In the 6-month Ecological Landscaper Immersion course, students “gain the skills to earn a living regenerating the planet” through experience and the guidance of permaculture professionals. Their 10-week Farm School intensive course was created to train the next generation of urban, suburban and rural regenerative farmers. The programs is taught by Sonoma County’s most innovative food producers and focuses on hard skills, business development and land access. The 10-week intensive is followed by a 6-month mentorship to get you growing successfully wherever you plan to start farming. Check out Farm School if you’re looking for an empowering educational experience to turn your passions for land and growing healthy food into a career!
The Permaculture Skills Center is a 5-acre demonstration site and vocational training institution “dedicated to sharing regenerative land development and management practices” since its purchase in 2012. They are open to the public for tours and often host educational workshops and sustainability related community events.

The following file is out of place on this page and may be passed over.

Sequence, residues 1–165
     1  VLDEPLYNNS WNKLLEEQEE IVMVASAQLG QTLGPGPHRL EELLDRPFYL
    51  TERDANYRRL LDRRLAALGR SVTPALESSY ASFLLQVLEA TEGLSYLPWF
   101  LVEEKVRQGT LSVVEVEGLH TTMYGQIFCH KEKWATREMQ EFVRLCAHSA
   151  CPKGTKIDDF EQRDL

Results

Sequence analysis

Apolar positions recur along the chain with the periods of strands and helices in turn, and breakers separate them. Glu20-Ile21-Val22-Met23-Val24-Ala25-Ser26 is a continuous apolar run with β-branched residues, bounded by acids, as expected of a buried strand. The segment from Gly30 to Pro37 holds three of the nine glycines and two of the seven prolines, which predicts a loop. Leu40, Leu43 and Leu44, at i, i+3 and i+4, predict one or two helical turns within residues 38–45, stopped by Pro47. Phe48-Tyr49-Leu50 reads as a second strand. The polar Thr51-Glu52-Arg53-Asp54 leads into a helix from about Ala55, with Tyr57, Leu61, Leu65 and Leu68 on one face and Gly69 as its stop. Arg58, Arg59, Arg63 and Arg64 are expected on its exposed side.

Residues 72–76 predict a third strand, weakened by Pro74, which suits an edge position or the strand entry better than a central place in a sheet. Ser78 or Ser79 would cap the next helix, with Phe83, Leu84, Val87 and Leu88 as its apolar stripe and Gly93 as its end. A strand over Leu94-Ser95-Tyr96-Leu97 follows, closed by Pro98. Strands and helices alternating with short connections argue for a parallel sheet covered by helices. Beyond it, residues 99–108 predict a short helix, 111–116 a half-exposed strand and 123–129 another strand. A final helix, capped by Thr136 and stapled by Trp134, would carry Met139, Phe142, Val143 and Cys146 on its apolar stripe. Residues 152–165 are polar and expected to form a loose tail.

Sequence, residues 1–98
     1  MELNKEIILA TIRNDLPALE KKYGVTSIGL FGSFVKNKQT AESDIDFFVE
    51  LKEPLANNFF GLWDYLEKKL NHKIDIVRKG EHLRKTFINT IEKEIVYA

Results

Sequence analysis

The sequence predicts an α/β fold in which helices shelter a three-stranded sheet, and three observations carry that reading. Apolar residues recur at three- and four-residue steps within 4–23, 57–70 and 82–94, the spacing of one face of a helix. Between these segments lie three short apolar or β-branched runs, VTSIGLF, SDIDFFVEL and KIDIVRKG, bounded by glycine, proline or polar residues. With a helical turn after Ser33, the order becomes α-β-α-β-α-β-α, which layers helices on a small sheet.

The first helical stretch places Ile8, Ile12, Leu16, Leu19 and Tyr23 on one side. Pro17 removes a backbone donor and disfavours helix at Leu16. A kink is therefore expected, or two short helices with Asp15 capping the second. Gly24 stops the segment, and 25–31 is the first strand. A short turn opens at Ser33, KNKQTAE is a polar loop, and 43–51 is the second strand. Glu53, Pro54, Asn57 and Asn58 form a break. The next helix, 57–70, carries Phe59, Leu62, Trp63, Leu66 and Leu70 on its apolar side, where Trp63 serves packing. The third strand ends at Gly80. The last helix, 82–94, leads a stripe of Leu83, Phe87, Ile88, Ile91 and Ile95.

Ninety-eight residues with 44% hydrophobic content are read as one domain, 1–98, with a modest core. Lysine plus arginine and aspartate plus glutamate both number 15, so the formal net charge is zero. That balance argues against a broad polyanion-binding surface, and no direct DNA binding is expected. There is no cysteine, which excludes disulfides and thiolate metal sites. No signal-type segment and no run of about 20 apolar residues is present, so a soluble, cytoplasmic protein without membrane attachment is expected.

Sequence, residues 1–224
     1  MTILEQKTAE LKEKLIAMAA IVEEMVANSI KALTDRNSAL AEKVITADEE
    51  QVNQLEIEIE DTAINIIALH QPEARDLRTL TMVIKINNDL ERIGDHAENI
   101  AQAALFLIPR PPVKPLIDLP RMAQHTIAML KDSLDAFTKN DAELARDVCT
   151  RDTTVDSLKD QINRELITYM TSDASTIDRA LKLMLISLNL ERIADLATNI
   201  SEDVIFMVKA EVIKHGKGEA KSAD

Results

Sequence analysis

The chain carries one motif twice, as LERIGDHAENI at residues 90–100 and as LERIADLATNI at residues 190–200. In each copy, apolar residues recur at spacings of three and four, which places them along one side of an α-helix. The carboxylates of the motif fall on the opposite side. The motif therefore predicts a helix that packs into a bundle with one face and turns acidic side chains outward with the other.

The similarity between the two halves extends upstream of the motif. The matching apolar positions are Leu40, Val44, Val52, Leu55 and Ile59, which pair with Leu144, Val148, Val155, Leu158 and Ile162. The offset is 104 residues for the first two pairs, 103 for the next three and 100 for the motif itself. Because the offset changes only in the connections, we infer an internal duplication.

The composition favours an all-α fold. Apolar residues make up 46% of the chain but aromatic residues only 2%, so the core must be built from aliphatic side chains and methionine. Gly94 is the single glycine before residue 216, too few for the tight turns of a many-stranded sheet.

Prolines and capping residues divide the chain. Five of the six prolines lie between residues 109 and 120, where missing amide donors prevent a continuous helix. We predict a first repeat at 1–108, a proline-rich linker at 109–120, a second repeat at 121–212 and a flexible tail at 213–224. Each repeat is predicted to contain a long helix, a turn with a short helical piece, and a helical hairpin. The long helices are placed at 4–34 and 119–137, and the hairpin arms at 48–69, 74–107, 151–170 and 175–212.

Permaculture Skills Center
2185 Hwy 116 South, Sebastopol, CA 95472
Download the Permaculture Skills Center info sheet:
All over the world this May, thousands of people stepped up their work to Break Free from fossil fuels. This is what it looks like when the movement grows in courage, strength and beauty.
Our Renewable Future: Laying the Path for One Hundred Percent Clean Energy